I'm not sure whether I had ever discussed Demons at any length in public before, and I'm so happy with the concept and the way it's turning out that I am disinclined to do so now for fear of putting the story into the world before it's ready. But what the hell? Long story short, the path to the Under Realms opens up for some reason (fuck knows what, probably unscrupulous oil drillers, or scientists messing with powers beyond their comprehension). Some demons spill forth. Into a redneck town. Hilarity ensues. And bloodshed. Lots of hilarious bloodshed.

At the same time as I'm cranking on this, I'm also trying to work up some momentum on book 3. The advantage I have in all of this, is that I am paid to sit on my arse at the keyboard. Most people are not. The disadvantage is simply the sheer volume of work I have to get through.

So, how am I doing it? The Pomodoro technique. We have discussed this in the past, and I am still using it because it works, at least for me.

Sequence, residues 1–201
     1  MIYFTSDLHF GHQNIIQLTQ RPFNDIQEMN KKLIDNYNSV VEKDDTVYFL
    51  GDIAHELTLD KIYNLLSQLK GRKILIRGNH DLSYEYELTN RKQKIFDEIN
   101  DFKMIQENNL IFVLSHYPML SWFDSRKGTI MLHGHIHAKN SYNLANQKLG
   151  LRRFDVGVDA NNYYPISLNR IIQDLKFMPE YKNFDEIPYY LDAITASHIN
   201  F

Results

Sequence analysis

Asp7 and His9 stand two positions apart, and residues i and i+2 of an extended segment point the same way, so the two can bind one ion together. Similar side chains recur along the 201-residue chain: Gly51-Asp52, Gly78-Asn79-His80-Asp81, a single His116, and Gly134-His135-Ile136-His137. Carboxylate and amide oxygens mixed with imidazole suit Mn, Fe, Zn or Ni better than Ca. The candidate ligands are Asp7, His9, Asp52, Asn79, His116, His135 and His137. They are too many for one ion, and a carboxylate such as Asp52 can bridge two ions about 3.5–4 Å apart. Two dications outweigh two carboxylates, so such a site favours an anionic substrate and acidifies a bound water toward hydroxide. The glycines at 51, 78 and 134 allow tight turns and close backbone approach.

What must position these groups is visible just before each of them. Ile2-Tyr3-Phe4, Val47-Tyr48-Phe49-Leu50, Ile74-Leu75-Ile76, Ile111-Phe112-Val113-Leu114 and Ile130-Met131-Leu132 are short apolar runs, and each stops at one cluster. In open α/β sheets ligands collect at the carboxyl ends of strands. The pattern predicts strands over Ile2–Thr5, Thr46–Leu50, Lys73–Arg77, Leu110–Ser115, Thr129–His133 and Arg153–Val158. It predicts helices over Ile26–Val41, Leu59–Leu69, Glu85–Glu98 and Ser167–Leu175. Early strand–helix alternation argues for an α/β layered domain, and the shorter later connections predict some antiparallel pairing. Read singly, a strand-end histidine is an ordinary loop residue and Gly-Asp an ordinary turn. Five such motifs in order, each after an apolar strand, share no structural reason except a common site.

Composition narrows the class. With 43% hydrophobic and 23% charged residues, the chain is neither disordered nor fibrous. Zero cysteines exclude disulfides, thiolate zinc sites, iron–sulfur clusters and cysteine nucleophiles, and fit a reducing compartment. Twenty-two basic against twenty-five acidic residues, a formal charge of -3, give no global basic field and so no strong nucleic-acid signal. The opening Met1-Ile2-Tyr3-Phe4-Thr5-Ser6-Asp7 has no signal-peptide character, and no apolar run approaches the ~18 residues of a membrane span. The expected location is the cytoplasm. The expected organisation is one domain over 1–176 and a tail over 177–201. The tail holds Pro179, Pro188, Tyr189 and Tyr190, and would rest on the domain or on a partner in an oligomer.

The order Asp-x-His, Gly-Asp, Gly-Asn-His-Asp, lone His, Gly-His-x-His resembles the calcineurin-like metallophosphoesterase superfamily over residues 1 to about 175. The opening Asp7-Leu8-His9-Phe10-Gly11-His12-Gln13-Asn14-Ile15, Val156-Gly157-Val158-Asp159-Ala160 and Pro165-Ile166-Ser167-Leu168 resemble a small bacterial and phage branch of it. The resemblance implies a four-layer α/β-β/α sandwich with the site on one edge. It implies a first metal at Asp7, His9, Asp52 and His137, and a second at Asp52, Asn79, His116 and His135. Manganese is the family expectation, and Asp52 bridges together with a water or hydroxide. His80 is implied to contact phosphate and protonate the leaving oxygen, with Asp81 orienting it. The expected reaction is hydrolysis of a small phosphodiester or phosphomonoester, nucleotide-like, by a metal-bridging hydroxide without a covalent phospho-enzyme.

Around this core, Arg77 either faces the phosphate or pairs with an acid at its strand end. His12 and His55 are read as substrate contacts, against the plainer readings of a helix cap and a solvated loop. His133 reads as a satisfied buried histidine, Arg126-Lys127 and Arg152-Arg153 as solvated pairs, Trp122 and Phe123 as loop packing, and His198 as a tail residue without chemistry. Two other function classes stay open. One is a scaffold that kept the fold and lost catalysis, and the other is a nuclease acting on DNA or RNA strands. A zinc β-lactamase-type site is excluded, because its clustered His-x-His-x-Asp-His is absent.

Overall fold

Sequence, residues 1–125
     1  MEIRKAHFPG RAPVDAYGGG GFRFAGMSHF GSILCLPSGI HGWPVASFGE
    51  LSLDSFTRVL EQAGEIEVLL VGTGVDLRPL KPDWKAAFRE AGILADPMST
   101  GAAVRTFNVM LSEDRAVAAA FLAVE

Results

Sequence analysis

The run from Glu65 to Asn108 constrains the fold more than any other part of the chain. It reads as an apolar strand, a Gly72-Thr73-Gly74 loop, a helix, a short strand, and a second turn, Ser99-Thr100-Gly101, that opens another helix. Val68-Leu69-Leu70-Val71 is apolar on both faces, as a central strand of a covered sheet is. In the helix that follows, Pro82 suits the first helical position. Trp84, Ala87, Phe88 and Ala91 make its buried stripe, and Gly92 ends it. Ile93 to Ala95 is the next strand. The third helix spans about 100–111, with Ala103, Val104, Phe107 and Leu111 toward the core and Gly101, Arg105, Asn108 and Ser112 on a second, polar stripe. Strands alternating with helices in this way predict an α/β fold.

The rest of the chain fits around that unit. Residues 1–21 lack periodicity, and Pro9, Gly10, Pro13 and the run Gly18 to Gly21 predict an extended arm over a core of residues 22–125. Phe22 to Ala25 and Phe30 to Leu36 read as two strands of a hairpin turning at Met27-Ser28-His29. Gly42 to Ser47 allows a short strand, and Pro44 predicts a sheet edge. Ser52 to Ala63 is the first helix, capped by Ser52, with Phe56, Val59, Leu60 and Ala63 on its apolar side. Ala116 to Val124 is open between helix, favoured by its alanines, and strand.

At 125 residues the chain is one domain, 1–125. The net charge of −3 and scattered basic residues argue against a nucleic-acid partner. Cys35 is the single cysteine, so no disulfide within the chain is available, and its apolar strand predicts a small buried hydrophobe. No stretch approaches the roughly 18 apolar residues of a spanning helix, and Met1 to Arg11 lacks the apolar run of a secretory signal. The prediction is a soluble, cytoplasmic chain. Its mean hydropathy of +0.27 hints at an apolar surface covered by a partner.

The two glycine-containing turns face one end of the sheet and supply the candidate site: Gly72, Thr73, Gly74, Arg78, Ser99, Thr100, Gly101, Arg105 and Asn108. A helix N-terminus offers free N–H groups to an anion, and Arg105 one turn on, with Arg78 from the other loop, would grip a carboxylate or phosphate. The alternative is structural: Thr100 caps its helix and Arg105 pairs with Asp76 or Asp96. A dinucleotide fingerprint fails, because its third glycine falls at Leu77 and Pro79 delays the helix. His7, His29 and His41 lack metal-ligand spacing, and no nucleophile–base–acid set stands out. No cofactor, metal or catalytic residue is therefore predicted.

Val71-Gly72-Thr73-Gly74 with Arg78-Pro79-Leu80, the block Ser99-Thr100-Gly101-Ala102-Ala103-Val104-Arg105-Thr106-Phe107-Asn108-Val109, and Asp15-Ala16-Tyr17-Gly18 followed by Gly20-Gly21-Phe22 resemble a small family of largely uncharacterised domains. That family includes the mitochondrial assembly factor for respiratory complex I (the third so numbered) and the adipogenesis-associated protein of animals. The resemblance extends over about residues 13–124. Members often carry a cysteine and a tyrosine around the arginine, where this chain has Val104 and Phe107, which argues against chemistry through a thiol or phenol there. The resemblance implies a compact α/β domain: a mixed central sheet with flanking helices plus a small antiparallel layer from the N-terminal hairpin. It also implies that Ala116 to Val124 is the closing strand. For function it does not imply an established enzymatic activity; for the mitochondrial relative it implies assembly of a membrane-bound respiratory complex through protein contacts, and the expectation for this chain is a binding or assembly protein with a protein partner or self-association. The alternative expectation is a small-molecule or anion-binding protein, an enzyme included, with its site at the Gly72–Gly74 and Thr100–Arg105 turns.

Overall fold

I'm not sure if anybody else has signed up for this November madness, but if you have time happy to run the occasional entry here checking on everybody's progress.

44 Responses to ‘NaNoWriMo’

Abigail swirls their brandy and claims...

Posted November 3, 2010
JB I sighend on for ti, on the spur of the moment on Nov , never having heard of it before. I'm loving it because it feels very like a group project and I like to feel involved with the masses more than operating alone, so it is spurring me on a lot. It also brings out one's competitive streak when you have people doing the same thing. Sort of a "write off".

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Abigail reckons...